The Appeal of Moneygrabber
I'll admit it. I'm a Moneygrabber addict. It doesn't matter if I spend 30 seconds or 30 minutes with the adorable touch-controlled game. I can't get enough. And while critics aren't all aflutter about it, there's plenty to love about the peach-colored, full-screen bit of silliness that goes against what we're supposed to love about mobile games and subscribes to Bite-Sized Game Monthly.
But while it isn't being received well by my colleagues (or even fellow reviewers at Modojo) I find myself enjoying it a little more every single day. What's the point, though? It's really simple. You play a disembodied face that peers out at viewers from the iPhone/iPad screen while money drifts downward. With a quick tap you need to grab the money. And you can't miss, not even once. If you do, it's game over. Tapping will send your "arm" from the side of the screen over to the right, and the longer your tap the longer reach radius you get.
Sometimes coins will drop down, and sometimes it's cold, hard cash. If you're lucky, you'll see multipliers raining down too. If you're super-coordinated and can grab all the money as well as break through a rock, you can score gems that are worth even more than the dollars that you can collect as well. It's all about staying focused though, like in real life. Because if you look away for one second from the prize and start relying on reflexes or thinking you're going to coast, that money goes right out the window.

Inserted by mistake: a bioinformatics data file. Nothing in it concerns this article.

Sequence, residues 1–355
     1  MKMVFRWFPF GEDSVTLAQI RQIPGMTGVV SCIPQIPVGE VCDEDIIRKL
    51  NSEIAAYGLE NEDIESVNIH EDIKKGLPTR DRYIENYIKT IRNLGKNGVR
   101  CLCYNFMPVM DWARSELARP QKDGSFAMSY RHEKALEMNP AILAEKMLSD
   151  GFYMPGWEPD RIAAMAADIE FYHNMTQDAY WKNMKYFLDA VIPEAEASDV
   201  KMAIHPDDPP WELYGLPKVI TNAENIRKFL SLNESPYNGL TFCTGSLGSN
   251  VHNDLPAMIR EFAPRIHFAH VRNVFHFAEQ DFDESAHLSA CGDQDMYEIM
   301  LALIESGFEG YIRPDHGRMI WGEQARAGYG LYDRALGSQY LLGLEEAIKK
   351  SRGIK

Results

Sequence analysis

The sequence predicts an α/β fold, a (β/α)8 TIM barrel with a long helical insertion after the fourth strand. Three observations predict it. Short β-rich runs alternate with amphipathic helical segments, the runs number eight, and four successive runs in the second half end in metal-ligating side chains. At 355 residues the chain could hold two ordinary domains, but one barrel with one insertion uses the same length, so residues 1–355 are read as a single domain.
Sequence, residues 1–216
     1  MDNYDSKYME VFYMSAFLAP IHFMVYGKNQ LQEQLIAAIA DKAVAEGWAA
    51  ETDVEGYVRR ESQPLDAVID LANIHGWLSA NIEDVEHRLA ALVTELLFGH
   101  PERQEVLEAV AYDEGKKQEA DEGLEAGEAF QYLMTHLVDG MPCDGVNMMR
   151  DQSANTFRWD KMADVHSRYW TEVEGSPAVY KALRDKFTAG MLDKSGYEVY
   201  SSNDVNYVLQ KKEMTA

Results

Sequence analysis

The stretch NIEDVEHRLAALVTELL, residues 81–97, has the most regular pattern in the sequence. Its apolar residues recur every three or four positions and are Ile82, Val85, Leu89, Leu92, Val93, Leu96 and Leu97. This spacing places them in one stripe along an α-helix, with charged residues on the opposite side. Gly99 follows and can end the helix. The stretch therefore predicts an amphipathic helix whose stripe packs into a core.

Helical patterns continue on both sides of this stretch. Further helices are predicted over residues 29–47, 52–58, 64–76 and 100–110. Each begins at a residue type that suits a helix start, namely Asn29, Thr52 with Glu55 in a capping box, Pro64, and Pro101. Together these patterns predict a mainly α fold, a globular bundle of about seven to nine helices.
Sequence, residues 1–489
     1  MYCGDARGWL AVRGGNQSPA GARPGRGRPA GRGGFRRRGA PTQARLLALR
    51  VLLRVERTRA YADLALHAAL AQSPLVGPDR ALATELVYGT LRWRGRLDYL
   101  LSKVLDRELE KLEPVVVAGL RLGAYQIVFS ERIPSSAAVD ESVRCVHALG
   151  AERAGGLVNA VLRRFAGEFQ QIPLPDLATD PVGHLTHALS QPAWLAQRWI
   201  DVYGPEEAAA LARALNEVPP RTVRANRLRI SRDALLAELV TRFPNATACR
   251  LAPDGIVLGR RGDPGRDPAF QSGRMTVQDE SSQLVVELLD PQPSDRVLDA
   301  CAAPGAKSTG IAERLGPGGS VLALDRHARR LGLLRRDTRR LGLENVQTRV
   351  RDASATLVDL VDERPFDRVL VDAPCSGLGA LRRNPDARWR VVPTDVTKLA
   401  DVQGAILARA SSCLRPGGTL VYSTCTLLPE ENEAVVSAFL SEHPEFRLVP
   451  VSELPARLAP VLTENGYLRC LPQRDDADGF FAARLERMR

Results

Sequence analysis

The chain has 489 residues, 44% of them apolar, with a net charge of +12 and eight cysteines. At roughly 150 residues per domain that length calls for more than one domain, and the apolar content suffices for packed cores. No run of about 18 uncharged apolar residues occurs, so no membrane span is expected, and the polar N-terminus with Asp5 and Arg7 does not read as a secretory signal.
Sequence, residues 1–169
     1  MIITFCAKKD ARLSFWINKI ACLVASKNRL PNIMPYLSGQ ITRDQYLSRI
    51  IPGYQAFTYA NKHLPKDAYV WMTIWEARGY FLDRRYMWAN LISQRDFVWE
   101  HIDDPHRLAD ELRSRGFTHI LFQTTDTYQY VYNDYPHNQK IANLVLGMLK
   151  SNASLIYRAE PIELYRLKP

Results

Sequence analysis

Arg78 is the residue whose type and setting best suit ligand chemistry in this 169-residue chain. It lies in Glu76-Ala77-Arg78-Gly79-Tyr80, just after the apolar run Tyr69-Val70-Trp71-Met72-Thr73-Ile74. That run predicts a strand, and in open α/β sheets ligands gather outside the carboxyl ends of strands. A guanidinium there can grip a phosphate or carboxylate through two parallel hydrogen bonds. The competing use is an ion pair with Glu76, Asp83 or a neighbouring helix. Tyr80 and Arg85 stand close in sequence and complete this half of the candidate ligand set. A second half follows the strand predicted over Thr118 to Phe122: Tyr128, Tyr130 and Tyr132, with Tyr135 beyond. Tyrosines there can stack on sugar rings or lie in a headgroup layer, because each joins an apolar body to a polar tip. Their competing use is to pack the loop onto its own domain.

That's why Moneygrabber is so appealing. You've got to stay on top of your A-game for each round, and when you falter, you get to save the money you have, but you have to start from the very bottom once more and work your way up to the top. That's why when you finally decide to spend some of the money you've worked so hard to amass, it feels a lot like letting some of your work go. Much like in real life, despite the fact that there are interesting rewards to pick up in-game (glasses are pretty stylin', after all) you're just never compelled to spend it.
What's important is making more and more money, playing longer stretches, and amassing a small fortune. Then, when you've finally earned enough money to buy everything in the game once, you start over and do it again, or at the very least earn that scrilla scratch once more. Thus, the cycle begins anew. You keep playing, because you've got to earn just one more dollar or add just a little more time onto your best run. And it doesn't hurt that the "money" song is pretty bumpin'.
So let the world hate on Moneygrabber. I've got empty pockets that need filling, and they're certianly not going to get fat from my real-world endeavors. Why not let it be within Moneygrabber?